• End-device licensing. While SEP technologies are significantly implemented in baseband modem chips, patented cellular capabilities reach extensively beyond these components into modules and across entire devices. By licensing at the end-device level, all patents can be included in a single agreement. Nevertheless, there is significant dispute between many licensors who insist on licensing end-devices and some implementers who want to license at the chip or module level. Challenges to well-established and extensive end-product licensing practices have been made under antitrust laws, as well as in contract and patent laws. In FTC v. Qualcomm, the US Ninth Circuit Court of Appeals has recently rejected all antitrust-based claims including exclusive dealing: “Qualcomm is under no antitrust duty to license rival chip suppliers.” The aforementioned BRL also recognizes considerable efficiencies in licensing vehicles and notes that the Department of Justice’s Antitrust Guidelines state that field-of-use restrictions, such as licensing at the end-product level, can be procompetitive.⁷
  • End-device-based royalty rate determination. Relatedly to the above, there has also been significant litigation to undermine the well-established and predominant method of basing royalty charges on the value in end products, and, instead, determine royalties based on the, so-called, smallest-saleable patent practicing unit. However, the Ninth Circuit Court of Appeals has also ruled in FTC v. Qualcomm that that there is no obligation for patent owners to calculate royalties on that alternative basis, even if a chip can be deemed to be the SSPPU in any implementation. ‘No court has held that the SSPPU concept is a per se rule for “reasonable royalty” calculations; instead, the concept is used as a tool in jury cases to minimize potential jury confusion when the jury is weighing complex expert testimony about patent damages.’ No jury was ever involved in FTC v. Qualcomm litigation, nor is one ever involved in determining royalties in normal business operations outside of court. The German Mannheim court in Nokia v Daimler has found that Nokia’s [end-product-based] automotive licensing offer was fair, but that neither Daimler nor its supplier Continental “were seriously willing or prepared to conclude a license agreement with the applicant on [fair and reasonable] terms.” The Department of Justice also notes in its BRL of Avanci’s proposed 5G IoT licensing program that there are a variety of ways to value the patented technology and stated that it believes parties should be given flexibility to license in a manner that best rewards and encourages innovation.⁸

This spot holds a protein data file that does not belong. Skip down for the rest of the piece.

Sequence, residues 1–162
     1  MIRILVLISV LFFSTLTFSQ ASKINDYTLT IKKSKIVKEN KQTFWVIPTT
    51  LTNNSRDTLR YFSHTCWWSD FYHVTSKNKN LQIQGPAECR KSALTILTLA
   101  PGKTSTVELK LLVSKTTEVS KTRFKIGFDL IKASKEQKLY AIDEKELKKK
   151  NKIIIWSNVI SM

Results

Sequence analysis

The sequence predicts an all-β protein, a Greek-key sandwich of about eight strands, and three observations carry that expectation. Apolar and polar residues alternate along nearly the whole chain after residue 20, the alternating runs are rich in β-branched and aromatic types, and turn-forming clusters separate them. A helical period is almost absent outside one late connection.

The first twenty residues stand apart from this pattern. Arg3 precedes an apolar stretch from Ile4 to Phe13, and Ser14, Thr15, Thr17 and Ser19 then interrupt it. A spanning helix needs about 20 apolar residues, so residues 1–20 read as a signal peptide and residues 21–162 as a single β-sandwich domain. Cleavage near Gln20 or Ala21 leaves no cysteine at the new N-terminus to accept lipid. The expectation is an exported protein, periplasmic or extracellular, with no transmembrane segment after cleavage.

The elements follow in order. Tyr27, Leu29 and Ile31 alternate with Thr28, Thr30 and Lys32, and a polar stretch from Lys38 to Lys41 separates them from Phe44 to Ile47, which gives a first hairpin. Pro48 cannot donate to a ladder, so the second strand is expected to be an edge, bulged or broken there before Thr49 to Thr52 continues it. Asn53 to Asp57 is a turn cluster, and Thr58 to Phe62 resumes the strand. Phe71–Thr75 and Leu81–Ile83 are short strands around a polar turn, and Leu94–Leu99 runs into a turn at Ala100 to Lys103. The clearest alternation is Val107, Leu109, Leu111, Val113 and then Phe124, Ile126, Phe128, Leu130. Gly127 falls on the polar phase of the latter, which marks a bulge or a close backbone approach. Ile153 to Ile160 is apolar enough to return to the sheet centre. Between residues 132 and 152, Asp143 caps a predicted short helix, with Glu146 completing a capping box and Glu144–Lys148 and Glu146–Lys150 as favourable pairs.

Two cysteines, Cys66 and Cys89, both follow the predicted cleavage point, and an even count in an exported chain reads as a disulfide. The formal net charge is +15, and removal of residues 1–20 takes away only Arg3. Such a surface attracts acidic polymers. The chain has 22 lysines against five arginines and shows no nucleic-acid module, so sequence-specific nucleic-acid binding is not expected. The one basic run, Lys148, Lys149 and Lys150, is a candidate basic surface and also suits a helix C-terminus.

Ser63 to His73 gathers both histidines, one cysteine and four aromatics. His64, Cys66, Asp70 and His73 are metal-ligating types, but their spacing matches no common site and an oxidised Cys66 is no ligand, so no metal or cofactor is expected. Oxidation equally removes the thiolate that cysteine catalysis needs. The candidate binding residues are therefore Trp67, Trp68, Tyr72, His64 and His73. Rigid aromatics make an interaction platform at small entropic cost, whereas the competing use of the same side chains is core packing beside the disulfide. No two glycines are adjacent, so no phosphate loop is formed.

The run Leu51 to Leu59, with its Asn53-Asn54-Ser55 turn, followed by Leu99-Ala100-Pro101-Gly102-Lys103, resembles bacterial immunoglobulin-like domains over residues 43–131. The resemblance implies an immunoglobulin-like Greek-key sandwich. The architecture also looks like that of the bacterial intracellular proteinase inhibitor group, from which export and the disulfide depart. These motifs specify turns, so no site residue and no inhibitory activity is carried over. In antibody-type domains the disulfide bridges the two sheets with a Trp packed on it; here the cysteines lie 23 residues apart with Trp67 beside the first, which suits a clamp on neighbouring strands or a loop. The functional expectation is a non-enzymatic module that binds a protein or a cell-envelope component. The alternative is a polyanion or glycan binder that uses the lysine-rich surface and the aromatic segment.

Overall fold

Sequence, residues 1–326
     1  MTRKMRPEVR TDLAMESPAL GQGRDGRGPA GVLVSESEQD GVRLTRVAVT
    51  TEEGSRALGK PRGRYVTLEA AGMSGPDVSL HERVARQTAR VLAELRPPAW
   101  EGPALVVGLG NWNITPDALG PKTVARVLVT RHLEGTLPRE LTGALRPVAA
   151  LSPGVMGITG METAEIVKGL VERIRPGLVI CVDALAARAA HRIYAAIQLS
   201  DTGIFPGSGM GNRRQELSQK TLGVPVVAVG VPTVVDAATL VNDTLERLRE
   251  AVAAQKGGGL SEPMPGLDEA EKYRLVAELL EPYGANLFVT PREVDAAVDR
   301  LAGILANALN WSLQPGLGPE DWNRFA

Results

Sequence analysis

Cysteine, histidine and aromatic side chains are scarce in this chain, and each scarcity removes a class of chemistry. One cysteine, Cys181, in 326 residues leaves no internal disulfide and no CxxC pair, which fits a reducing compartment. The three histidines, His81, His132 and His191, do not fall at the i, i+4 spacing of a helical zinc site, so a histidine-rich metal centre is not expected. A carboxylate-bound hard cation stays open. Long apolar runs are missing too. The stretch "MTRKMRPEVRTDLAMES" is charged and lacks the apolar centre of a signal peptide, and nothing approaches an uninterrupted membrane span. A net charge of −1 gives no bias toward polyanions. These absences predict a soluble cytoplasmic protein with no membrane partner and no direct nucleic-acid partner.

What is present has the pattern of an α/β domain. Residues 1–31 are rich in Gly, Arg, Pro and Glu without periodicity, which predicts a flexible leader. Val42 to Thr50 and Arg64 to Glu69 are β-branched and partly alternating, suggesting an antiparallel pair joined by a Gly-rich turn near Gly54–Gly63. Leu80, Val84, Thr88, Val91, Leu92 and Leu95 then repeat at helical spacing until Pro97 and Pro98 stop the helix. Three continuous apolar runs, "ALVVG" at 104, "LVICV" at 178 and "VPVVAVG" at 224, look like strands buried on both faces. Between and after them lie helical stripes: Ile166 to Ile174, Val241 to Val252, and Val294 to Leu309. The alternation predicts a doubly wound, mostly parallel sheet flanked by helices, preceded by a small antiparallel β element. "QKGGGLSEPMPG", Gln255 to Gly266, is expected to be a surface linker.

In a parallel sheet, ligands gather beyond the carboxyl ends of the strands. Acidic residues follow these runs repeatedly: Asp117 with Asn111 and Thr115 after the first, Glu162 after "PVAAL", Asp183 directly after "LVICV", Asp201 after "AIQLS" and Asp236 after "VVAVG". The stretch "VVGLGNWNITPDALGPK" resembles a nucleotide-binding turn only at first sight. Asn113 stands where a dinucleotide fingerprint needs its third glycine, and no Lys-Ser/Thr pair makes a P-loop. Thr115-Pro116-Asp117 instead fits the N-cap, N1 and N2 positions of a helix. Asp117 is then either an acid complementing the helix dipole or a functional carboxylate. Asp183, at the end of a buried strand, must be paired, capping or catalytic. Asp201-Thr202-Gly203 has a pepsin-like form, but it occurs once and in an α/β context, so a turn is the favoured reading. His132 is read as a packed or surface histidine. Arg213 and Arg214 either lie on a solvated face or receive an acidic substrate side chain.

The value delivered by these cellular SEP technologies substantially exceeds chip implementer design and fabrication costs in many cases. Licensing at the chip level, and calculating royalties on this basis would tend to drive royalties down to values in the most basic implementations (e.g. a “connected” lightbulb) and undervalue patents in high value end-devices (e.g. connected cars with cellular V2X capabilities). The result would be economically inefficient and dysfunctional with reduced incentives for SEP owners to contribute their technologies to the standards. Chip-based licensing would result in more uniform charging which could be too costly for low-value applications or under-compensate for inclusion of SEPs in high-value applications.